9

The sefer ביאורי אונקלוס here explains that the Targum Onkelos always translates the name Elo-him as Ado-noi so that it is clear to everyone that the posuk is talking about G-d, because the name Elo-him is also used in the Torah to mean judges. The two exceptions to this are: 1) When the posuk says ה' אלוקים - two names of Hashem together, and thus people ...


8

Sepher Shorshei HaShemot by Rabbi Moshe Zecuto is an exhaustive listing of divine names. It is an alphabetical index. Each entry lists the source of the name as well as its usage.


8

There some times where (according to kabala or something) one should have a certain vowelization of the name in mind (while still saying "Adonay" of course). You'll sometimes see the name with four tzeres or with four sh'vas or the like then. I know nothing more about this than I've just written. Otherwise, the vowelization seems to be to point to its ...


8

The 3rd commandment is not to take a pointless oath in G-d's name (e.g. swearing that a table is a table, and other pointless oaths, see ch 1) as is codified by Rambam (Hilchos Shvuos) and Sefer HaChinuch(30). By swearing pointlessly invoking the name of G-d, one trivializes G-d's significance as the singular force in the Universe. Rambam (Hilchos Berachos ...


7

In one of the Ba'al HaTurim's comments (available with English translation and commentary by Artscroll), he lists all of the names of Hashem. As Alex writes in the comment, it is in the short commentary on Numbers 11:16, in parashat Behaalotecha. It is viewable here, starting two lines from the bottom.


7

Homiletically: When you have two Yudin (or in Polish Jewish pronunciation, "Yidin" - also means "Jews") who get together on an equal level, neither of them putting themselves higher than the other, then you have Hashem's presence there. (The "Holy Jew" of Pshischa, cited in R' S.Y. Zevin's Sippurei Chassidim to Num. 14:20)


7

The rule is to always say it unless it is a hefsek. The two common cases of hefsek are: in a place that one cannot answer when a person is being yotzai with the mevarech That is why most people say it by the morning brachos... either because they've already said it, or because they want to make their own. By shemoneh esrei the idea is that people ...


7

I asked a Posek from YU and he said it shouldn't be a problem to read seforim on an E-reader. He didn't explain why, but these are two reasons that one can perhaps be meikel: Its not really a written text. Since its just particles floating in some sort of liquid, one can make an argument that it is not a real written word. Even though the text doesn't need ...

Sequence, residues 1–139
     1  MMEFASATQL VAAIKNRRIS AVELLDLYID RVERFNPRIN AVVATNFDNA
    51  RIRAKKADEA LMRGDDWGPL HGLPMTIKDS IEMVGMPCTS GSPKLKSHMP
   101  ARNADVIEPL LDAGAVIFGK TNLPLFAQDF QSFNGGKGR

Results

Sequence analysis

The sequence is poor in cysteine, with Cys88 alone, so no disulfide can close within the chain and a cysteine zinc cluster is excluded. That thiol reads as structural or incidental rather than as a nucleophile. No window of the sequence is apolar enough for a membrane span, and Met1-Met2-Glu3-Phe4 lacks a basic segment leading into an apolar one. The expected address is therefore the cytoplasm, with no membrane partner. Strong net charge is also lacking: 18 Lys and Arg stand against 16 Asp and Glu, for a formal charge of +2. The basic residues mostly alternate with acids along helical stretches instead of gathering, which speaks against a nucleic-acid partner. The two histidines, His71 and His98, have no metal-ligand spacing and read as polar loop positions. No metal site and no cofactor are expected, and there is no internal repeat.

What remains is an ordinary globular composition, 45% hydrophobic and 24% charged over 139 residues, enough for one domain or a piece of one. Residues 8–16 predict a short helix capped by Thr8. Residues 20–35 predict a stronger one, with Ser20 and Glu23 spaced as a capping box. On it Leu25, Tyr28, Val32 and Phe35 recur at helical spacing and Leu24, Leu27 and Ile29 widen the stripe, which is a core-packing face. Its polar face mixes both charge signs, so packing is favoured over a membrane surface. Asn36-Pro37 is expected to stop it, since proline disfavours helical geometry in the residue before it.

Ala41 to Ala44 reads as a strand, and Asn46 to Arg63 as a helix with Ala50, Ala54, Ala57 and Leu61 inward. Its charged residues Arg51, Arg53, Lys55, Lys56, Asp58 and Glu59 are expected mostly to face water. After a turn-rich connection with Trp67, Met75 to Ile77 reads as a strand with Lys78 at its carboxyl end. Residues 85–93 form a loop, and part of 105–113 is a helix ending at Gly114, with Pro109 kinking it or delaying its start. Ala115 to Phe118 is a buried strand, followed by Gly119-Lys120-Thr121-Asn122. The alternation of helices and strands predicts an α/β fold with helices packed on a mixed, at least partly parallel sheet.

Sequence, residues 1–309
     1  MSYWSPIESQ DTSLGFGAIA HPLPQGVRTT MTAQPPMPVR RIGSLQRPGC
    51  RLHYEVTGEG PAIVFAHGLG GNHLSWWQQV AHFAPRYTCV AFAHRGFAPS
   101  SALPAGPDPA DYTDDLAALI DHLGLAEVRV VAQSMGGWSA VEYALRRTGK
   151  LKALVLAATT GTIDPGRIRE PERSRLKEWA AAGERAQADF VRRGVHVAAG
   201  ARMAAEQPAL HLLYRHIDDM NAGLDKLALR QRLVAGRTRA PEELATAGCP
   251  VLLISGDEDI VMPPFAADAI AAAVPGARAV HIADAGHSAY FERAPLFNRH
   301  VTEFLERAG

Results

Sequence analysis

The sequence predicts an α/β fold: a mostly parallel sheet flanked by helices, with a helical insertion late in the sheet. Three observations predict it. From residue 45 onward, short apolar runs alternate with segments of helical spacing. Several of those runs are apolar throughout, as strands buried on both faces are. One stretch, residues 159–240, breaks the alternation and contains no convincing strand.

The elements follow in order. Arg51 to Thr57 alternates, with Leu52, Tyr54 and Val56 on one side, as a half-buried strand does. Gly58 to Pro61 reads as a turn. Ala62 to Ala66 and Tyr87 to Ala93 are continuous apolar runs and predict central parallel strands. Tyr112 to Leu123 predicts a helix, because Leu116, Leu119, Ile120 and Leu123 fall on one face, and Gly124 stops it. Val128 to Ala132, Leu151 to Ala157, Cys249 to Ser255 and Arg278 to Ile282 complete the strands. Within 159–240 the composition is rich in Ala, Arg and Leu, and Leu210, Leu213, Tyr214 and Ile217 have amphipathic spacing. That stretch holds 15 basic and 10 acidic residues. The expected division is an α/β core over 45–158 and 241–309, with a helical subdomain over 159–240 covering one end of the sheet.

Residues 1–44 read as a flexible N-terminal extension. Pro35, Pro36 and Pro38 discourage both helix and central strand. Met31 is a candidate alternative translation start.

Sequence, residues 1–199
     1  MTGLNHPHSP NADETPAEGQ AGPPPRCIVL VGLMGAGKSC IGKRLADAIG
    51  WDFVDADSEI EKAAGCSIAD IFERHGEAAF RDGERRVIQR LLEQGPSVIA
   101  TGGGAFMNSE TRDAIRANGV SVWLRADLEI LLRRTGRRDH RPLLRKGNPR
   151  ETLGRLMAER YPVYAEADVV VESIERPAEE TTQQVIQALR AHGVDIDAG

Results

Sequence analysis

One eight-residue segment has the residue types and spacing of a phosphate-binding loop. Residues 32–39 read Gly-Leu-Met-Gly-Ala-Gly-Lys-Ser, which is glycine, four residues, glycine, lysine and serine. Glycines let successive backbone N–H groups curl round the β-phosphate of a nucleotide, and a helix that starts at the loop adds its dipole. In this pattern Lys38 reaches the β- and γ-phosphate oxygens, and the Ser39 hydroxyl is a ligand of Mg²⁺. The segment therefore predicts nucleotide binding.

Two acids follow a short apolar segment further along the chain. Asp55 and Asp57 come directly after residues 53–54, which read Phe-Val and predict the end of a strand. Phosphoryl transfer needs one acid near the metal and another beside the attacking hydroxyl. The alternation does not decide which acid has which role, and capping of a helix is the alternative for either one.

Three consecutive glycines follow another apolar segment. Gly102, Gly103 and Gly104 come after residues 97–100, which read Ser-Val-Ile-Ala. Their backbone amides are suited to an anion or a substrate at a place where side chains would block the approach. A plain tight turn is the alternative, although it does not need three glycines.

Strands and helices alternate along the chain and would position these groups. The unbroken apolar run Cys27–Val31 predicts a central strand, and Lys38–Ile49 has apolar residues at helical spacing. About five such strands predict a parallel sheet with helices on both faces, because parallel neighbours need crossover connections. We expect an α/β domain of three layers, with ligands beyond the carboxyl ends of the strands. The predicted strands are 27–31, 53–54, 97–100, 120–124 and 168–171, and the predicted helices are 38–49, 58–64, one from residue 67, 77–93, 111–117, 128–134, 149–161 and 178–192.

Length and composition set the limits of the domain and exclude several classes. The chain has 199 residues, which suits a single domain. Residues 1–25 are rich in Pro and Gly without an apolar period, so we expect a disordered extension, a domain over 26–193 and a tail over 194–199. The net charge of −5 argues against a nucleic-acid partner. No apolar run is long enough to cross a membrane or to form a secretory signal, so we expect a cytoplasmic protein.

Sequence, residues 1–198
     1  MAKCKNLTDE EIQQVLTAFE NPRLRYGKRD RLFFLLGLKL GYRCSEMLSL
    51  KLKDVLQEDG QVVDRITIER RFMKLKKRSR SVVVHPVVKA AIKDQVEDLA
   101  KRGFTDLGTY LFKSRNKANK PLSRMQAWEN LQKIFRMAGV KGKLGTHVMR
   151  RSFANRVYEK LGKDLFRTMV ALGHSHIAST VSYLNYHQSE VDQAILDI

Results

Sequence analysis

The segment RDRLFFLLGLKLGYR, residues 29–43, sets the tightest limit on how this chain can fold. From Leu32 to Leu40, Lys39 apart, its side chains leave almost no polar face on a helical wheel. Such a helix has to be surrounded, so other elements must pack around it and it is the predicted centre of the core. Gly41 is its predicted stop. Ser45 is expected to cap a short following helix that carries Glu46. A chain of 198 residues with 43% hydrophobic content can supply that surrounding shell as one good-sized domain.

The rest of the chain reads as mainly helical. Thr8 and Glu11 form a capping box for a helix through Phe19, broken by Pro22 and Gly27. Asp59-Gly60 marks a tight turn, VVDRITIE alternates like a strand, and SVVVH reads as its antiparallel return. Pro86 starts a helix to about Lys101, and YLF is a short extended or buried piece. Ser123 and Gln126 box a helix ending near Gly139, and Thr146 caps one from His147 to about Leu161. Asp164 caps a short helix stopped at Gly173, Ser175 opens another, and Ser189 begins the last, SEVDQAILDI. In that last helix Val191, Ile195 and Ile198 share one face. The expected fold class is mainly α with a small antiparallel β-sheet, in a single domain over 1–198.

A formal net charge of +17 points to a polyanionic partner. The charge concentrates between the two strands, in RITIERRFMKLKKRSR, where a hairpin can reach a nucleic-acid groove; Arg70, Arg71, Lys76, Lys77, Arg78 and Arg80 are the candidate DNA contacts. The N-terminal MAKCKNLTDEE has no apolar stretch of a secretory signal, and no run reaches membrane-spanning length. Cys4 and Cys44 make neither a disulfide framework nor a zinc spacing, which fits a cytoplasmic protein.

7

R. Schneur Zalman of Liadi (in Tanya, Shaar Hayichud Vehaemunah ch. 4) explains that the name Elokim "shields" the name Havayah, and makes it possible for finite and (seemingly) independent creatures to exist in the first place. Thus, Elokim represents (and is the source of) the tzimtzum, the "contraction" of Divine energy that made "room" for the various ...


7

The Mishna Berurah in siman 25 s"k 27 says that when putting on the Tefilah Shel Rosh, one should be careful that his head is covered before making the beracha. He gives the source as the Pri Megadim.


6

Two yuds is not a Name of Hashem. It is just an abbreviation or "placeholder."


6

This is a matter of the English language. I found this site which goes through some of the 'rules'. http://www.teachingcollegeenglish.com/2004/02/04/capitalizing-god/ In essennce, a capital first letter implies a 'proper noun', it also implies a bit of 'the one and only'. Capitalizing the word 'He' means 'that "He" which we all know, the one and only.. ...


6

I have heard Rav Dovid Feinstien shlita quoted as saying (disclaimer: this wasn't heard straight from Rav Feinstein so it may be inaccurate) that photocopies can be thrown into the regular garbage as long as it is first wrapped in its own clean bag. The reason is because photocopies are not made to be permanent and are made to be used once or twice and then ...


6

Gen. 1:5 states: ויקרא א-להים לאור יום, ולחשך קרא לילה "G-d called the light 'day', and the darkness He called 'night.'" So the name of Hashem is omitted in the second half of the verse. This leads R. Elazar to comment (Bereishis Rabbah 3:6) that "G-d does not associate His name with evil, only with good."


6

People publish sidurim with Hashem's name all the time. That's what you're doing, albeit by photocopy (or laser printing) rather than by offset. So you're in the clear. (This answer doesn't, however, touch on copyright concerns.) As always, though, for practical halacha, consult your rabbi rather than relying on what you read on this site.